SALT LAKE CITY (ABC4) — Utah public schools saw their year-over-year enrollment numbers decline this year.
The Utah State Board of Education said Thursday that enrollment in the public education system decreased by nearly 2,000 students, marking a 0.3% decrease from 2022.
The biggest drops were in elementary grades. Kindergarten classes saw a 3% dip while first-grade classes saw a 4.4% decline.
The story was different for charter schools in the public system. According to officials, public charter schools added more than 500 students this year, marking a 1% increase over 2022.
Charter schools in Utah now account for more than 79,000 students in the public school population, or 12% of students statewide, education officials said.
According to Gina James, a spokesperson for the Utah Association of Public Charter Schools, the increase in charter enrollment shows “public charter school parents appreciate school choice” and the option to seek out a school that best fits their child.
The latest enrollment statistics show the Alpine School District is the largest in Utah, with 84,710 students. The second-largest is Davis, with 70,703 students, and the third-largest is Granite, with 58,312 students.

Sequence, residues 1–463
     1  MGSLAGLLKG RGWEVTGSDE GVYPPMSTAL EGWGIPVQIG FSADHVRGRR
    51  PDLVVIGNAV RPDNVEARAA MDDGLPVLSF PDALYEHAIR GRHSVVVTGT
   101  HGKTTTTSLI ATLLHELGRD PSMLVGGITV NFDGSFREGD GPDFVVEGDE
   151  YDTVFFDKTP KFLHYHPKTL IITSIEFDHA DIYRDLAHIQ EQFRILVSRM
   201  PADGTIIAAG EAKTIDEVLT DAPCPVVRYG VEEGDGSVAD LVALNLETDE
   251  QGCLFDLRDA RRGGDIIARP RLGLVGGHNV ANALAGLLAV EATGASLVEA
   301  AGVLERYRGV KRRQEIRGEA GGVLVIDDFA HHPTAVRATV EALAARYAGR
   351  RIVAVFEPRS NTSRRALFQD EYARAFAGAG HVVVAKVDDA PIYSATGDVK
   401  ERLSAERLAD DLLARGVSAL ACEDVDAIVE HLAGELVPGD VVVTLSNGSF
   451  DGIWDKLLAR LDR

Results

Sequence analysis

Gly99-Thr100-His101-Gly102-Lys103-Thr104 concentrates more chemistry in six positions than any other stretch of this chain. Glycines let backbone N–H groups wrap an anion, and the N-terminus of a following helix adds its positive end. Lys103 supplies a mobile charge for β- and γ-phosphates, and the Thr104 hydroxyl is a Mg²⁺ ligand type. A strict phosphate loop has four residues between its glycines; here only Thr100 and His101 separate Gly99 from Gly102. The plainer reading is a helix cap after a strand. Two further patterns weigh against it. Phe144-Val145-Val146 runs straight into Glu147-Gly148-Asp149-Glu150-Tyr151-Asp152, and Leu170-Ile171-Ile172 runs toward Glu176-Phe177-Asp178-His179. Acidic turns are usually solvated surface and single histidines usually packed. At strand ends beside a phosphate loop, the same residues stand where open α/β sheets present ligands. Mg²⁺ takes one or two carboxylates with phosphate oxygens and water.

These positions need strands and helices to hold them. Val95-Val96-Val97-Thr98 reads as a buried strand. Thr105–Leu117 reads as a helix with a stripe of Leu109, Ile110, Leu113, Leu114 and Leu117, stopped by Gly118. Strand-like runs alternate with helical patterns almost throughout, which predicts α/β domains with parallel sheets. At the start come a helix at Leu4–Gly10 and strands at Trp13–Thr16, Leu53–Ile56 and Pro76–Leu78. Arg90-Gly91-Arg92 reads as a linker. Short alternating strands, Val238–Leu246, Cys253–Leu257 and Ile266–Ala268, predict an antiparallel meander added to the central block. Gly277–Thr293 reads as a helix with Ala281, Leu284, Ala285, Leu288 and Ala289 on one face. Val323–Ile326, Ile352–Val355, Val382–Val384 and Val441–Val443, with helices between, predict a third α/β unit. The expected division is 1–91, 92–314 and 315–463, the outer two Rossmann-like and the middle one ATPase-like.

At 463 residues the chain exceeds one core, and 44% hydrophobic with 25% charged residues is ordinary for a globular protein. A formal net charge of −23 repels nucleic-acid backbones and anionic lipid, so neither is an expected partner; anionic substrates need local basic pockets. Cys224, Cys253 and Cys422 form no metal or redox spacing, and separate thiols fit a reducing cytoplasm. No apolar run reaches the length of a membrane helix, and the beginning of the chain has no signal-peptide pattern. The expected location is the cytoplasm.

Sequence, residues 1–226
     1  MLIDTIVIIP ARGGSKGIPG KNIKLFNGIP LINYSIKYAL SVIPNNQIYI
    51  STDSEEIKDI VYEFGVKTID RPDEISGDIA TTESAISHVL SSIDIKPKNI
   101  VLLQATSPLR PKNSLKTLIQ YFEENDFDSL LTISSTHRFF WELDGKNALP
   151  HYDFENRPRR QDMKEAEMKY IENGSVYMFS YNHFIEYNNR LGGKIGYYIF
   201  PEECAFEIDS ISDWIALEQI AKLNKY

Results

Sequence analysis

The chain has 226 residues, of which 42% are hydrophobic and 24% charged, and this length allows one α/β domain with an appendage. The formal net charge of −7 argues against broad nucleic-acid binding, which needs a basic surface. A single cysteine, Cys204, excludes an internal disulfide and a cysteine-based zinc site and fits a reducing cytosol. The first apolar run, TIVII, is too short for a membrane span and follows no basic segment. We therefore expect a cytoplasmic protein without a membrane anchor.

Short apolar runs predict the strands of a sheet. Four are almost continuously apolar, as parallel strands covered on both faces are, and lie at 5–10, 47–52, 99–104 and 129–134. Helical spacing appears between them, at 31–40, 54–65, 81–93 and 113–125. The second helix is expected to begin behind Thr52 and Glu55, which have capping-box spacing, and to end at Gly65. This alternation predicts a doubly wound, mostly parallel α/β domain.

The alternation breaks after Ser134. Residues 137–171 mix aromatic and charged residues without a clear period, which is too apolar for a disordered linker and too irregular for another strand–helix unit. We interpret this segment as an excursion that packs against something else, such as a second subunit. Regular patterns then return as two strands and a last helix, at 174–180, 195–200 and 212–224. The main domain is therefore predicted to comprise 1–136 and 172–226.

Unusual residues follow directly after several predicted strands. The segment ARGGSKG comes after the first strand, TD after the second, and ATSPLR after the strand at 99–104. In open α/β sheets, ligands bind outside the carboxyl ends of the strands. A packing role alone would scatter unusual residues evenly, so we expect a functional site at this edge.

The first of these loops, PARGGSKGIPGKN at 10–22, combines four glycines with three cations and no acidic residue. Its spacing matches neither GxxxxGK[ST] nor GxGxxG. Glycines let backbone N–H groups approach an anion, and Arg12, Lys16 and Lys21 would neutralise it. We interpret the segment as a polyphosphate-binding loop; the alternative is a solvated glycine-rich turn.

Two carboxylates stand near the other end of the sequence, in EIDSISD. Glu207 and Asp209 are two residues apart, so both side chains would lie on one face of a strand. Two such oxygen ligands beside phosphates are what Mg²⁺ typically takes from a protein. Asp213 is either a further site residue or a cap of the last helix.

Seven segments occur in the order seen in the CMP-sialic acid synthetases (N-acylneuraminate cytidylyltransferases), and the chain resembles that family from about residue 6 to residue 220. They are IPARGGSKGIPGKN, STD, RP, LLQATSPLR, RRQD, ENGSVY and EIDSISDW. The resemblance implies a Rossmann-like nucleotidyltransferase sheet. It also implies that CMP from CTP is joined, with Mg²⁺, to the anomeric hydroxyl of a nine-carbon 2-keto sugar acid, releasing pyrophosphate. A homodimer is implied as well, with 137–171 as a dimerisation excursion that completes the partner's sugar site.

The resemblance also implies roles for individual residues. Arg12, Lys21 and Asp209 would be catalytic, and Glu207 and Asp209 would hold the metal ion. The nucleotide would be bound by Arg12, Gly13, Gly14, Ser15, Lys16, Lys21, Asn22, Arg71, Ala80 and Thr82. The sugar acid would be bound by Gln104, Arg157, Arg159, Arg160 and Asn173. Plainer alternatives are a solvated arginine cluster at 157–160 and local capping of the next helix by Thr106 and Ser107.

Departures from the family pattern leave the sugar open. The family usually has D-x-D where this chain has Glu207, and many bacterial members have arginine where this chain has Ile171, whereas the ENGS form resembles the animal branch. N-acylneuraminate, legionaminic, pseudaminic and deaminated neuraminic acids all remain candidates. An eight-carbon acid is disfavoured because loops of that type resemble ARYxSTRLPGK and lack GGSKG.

Demographically, 30% of public school students were listed as “economically disadvantaged,” according to state data. Nearly 13% were listed as students with disabilities.
About 71% of public school students were listed as white, the data shows. Hispanic students accounted for nearly 20% of the population, while the figures for Black, Asian, Pacific Islander, and American Indian students were all under 2%. Just over 3% of students were listed as multiracial.
Correction: The Utah State Board of Education initially said that the 2023 drop in numbers marked the first time such a thing had happened. As such, this article was first written with that framing. However, the board issued a correction on Nov. 7, noting that public school enrollment declines were previously experienced in 2020 and 2021, which officials attributed to pandemic disruptions. The board said it made an “informational error.”